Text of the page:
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Protocol | Enterprise

How Bloomberg’s data center operations move the market

Bloomberg built its own network to serve its Wall Street customers, and while it works closely with cloud providers to serve certain customers, the secret sauce behind "the Terminal" is all in-house.

Outside the Stock Exchange

The Terminal is basically the popular shorthand for Bloomberg Professional Services, the arm of the company that sources real-time trading data from stock exchanges around the world and feeds it to traders and investors desperate for an edge.

Photo: Wikimedia Commons

There aren't a lot of companies that can credibly claim to be world-class tech infrastructure builders on par with the cloud giants. But Bloomberg, at the heart of the world's financial system, wouldn't have it any other way.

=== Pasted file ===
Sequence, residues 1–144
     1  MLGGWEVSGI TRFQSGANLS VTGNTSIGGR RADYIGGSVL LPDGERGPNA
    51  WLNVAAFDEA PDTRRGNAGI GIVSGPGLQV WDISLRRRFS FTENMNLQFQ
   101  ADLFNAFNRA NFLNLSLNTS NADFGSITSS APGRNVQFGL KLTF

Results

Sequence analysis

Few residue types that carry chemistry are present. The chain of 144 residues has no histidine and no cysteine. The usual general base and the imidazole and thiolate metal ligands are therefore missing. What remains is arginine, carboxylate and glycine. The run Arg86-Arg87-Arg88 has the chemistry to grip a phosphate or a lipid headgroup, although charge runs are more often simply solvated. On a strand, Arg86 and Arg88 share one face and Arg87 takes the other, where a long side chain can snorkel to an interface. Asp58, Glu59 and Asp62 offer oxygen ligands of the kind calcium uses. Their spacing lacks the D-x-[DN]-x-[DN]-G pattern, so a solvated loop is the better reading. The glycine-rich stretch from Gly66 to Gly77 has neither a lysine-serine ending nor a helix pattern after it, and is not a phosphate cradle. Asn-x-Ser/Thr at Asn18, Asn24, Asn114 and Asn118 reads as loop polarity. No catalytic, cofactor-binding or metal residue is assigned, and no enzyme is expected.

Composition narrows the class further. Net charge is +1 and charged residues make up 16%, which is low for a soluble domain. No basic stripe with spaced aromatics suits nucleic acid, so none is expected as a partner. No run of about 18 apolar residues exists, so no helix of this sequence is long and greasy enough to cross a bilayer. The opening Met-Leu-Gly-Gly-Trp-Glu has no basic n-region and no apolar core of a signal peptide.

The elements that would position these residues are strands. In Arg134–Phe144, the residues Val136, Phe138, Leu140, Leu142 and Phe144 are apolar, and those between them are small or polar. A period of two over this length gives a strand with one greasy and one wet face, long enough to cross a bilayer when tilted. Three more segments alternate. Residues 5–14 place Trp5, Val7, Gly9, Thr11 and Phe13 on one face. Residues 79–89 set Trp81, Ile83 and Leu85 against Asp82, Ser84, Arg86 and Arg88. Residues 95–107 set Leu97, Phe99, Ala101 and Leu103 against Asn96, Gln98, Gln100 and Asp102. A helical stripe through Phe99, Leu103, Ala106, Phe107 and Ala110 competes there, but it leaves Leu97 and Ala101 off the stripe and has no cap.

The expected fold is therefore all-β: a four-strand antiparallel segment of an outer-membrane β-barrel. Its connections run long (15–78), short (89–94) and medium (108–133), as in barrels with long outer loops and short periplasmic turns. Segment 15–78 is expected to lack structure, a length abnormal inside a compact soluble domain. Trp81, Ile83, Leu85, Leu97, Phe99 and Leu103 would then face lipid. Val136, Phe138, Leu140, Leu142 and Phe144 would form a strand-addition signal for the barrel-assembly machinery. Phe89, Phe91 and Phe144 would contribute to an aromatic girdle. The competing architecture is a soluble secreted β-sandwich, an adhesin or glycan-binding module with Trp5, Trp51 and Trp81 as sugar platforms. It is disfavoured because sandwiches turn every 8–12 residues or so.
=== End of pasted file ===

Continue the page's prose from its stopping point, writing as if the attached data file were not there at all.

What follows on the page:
The bulk of the services offered by Bloomberg's financial empire run inside company-managed data centers filled with "highly tuned" Linux servers refined over the years to deliver a huge amount of real-time data to its customers, said Shawn Edwards, Bloomberg's chief technology officer in a recent interview with Protocol. It built its own private network to serve those customers — institutional investors, hedge funds, large banks — long before the cloud providers were operating at their current scale, because "some things don't lend themselves to the public web," he said.

But that doesn't mean Bloomberg is ignoring modern enterprise computing trends. It has worked extensively with AWS to offer services through the cloud giant to customers that want to work on the cloud, and has embraced new ideas such as containers and Kubernetes alongside systems that have been running for over a decade.

"We're big believers in evolution, instead of always having to write something brand new and have to take it over," Edwards said. The result is a sprawling array of enterprise tech that gives over 6,000 Bloomberg engineers the infrastructure to manage 200 billion messages a day containing market-moving information.